Fees (including merchant fees charged by card providers) are something Xero users need to be able to take into account when managing their Xero solution. In this document, we describe common fees that might apply and how an app partner might account for these when integrating with Xero via the Xero Accounting API.
The following are examples of how a developer might handle fees and is intended to be customised to your specific workflows and integration points with Xero. The discussion on fees below is only about fees for sales to customers, not for suppliers.
A fee is a business expense (or contra-income) that is incurred during a sale and decreases the business’ profit.
Remember, profit = sale price - cost of goods - expenses (including overheads).
Fees generally are handled in one of the following ways.
Merchant fees are a common part of a sales transaction. These fees are levied by a 3rd party payment provider and depending on the agreement with the business owner; these may be added to the invoice amount OR paid by the business. Merchant fees illustrate the business owner has options; for example, shipping and handling fees may be charged to the customer if the amount is less than a certain order value or maybe consumed by the business owner if the invoice is above a certain amount. Fees incurred can be attributed to an individual sale (eg postage per sale) or considered a general expense and taken into account as part of the running of a business. Let’s dive deeper into ways to handle merchant fees.
Where the customer paying a Xero invoice has merchant fees added to the invoice amount, these fees are not required to be accounted for by the Xero org unless the Xero org incurs some expense directly related to the transaction (not common).
For instance, where the fees are 30c per transaction plus 1.5% of the total value, the Xero invoice for $1000 will result in the following:
Note: there are no fees that need to be accounted for by the Xero org in this example. There is complexity around the reconciliation of multiple invoices paid by customers that need to be deposited into the Xero organisations bank account but this is a manual process performed by an accounting partner with knowledge on how to do this in Xero.
Merchant fees levied by a payment provider on top of the invoice amount do not require any additional API calls as the fees are not treated as income by the Xero customer, and the payment provider remits the entire invoice amount. Settlement to the business owner’s bank account typically occurs within one week (depending on the commercial terms with the payment provider).
If the payment service charges the business owner the merchant fees, it is important to determine when the expense is paid - this may occur at:
Real time processing of fees with invoice has the payment provider taking their fee out of the amount to be paid. Continuing with our example, a $1000 invoice paid by the customer will result in:
Here are 2 ways of handling merchant fees via the Xero API
In order to apply a payment against an invoice via the API, the small business owner must select which bank account in Xero they receive funds from their payment processor. Additionally, you’ll want to correctly categorize any fees. We recommend providing a mapping interface to the business owner to map fees to the appropriate expense account code in Xero. You can retrieve a chart of accounts via Xero’s API. This same configuration screen can be used to select the bank account where payments are deposited (you’ll use this for spend money bank transactions).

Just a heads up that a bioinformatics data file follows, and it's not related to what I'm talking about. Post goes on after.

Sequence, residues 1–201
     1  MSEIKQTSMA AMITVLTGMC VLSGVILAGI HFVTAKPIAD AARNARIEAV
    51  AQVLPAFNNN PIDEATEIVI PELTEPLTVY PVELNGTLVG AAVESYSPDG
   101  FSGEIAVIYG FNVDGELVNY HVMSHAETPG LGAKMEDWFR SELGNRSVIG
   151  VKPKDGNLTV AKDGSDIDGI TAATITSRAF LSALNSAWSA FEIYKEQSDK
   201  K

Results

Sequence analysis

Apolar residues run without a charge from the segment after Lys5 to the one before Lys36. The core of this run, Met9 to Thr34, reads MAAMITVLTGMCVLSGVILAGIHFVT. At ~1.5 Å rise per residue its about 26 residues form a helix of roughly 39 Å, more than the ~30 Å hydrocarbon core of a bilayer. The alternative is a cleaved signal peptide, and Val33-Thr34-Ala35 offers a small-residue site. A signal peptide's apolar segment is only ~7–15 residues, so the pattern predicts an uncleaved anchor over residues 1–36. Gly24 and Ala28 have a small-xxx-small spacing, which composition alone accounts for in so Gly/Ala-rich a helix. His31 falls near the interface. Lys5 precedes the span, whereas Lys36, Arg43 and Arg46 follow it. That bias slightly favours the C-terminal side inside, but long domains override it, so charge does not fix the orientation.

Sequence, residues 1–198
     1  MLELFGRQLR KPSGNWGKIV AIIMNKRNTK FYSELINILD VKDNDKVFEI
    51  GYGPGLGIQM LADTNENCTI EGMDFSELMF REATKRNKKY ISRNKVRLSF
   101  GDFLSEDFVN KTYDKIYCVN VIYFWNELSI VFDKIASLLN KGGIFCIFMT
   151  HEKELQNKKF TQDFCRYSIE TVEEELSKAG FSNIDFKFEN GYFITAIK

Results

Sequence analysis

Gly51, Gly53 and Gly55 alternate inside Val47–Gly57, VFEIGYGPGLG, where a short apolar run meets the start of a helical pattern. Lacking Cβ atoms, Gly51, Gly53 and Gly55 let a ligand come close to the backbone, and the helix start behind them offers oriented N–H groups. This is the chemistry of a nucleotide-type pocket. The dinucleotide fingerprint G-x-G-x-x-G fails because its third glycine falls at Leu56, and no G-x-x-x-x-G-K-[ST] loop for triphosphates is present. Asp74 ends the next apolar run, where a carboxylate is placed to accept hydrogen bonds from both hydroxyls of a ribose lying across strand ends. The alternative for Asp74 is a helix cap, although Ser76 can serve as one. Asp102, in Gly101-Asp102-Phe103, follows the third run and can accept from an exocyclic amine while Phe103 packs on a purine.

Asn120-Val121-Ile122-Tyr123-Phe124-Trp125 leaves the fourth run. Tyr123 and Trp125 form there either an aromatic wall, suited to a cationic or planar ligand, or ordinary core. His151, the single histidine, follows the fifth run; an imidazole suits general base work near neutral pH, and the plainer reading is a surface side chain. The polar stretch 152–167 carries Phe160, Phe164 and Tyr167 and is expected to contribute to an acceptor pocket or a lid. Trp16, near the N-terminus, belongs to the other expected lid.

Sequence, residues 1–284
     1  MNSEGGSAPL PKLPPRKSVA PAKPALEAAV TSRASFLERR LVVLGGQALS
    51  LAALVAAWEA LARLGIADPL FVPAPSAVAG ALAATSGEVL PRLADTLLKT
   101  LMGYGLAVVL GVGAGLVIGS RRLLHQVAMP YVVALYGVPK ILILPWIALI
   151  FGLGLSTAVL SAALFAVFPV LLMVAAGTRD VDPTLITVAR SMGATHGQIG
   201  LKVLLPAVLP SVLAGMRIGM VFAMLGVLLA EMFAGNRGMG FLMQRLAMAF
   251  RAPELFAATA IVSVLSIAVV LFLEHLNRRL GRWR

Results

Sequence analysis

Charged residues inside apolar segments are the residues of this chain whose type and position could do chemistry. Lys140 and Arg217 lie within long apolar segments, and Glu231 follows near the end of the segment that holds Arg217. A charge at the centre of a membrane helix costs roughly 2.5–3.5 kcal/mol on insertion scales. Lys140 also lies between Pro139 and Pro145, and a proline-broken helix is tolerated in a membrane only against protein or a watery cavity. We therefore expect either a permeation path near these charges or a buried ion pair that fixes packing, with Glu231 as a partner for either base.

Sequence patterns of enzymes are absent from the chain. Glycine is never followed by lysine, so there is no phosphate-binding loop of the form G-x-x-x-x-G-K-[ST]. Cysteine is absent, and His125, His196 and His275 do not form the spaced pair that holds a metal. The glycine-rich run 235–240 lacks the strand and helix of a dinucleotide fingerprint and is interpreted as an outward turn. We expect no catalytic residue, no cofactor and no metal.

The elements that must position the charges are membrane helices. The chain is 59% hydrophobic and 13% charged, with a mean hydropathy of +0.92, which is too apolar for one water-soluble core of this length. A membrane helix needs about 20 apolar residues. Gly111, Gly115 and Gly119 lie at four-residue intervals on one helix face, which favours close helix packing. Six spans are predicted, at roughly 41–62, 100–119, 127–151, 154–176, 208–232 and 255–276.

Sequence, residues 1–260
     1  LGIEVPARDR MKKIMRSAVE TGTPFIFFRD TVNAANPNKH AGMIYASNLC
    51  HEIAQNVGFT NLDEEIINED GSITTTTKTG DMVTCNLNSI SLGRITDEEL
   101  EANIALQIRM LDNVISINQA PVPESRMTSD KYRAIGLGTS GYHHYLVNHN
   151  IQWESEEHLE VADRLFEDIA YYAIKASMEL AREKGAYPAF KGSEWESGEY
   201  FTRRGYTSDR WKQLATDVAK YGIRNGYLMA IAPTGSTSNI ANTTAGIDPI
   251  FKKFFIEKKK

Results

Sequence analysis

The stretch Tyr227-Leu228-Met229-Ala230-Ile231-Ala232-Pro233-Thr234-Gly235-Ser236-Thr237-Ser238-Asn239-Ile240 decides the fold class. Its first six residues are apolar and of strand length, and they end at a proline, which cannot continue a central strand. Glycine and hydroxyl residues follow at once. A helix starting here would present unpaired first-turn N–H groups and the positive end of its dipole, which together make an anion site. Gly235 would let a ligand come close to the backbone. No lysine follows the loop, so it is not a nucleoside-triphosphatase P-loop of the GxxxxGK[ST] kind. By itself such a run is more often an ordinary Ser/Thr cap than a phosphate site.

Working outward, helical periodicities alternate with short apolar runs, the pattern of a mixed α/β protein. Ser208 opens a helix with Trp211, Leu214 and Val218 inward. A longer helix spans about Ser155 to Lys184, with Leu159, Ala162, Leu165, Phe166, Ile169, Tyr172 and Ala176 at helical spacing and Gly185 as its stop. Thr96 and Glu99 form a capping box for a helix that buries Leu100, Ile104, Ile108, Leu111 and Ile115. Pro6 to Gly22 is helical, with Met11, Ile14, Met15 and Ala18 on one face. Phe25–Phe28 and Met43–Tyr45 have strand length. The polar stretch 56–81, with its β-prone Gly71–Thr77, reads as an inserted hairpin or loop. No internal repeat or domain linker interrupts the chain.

Here are 2 ways of handling merchant fees via the Xero API
This approach follows the same pattern as the SPEND money approach except in how fees are reflected in Xero.
NOTE: in both scenarios above, the original customer invoice is not altered to reflect the contra (-ve) amount. This is due to 2 reasons:
Merchant Fees accumulated and sent on a periodic basis, the payment service provider at time of processing the Customer Invoice will do the following:
Customer makes payment via payment service for $1000
Then on a periodic basis (eg monthly), the payment provider can then either:
Sometimes, a business owner may want to charge their customers a surcharge fee to cover costs. It is a fee that the payment service does not keep, it goes to the business owner. It is up to the payment service’s discretion as to whether to offer this type of fee. The business owner would configure the surcharge amount in the payment service, this could be configured in a variety of ways e.g. flat fee, a percentage or a flat fee + percentage.
If a customer chooses to use the payment service to pay an invoice, the payment service should POST a line item to the existing invoice the customer is paying. Note: do not add a new invoice for this process. The line item should be for the surcharge amount, the POST should be done before the payment is processed. Invoices that are paid or partially paid cannot be edited.
The payment service will need to make it obvious to the customer that the surcharge is being added to the invoice and they will be paying an updated amount.
They payment service would then proceed with the rest of the payment processing.
Please keep in mind that if a customer was to start the payment process but not complete it, the additional line item would still exist on the invoice. That is why it is important to have good messaging in the payment process so the customer understands the extra charge.
Each country has different requirements that you must comply with. For example, in Australia, once an Invoice has been delivered for product, it cannot be altered so the suggested workflow for a business owner charging a surcharge to a customer would not be acceptable in that region. It is your responsibility as an app to ensure you are compliant with the relevant laws for the regions in which you operate.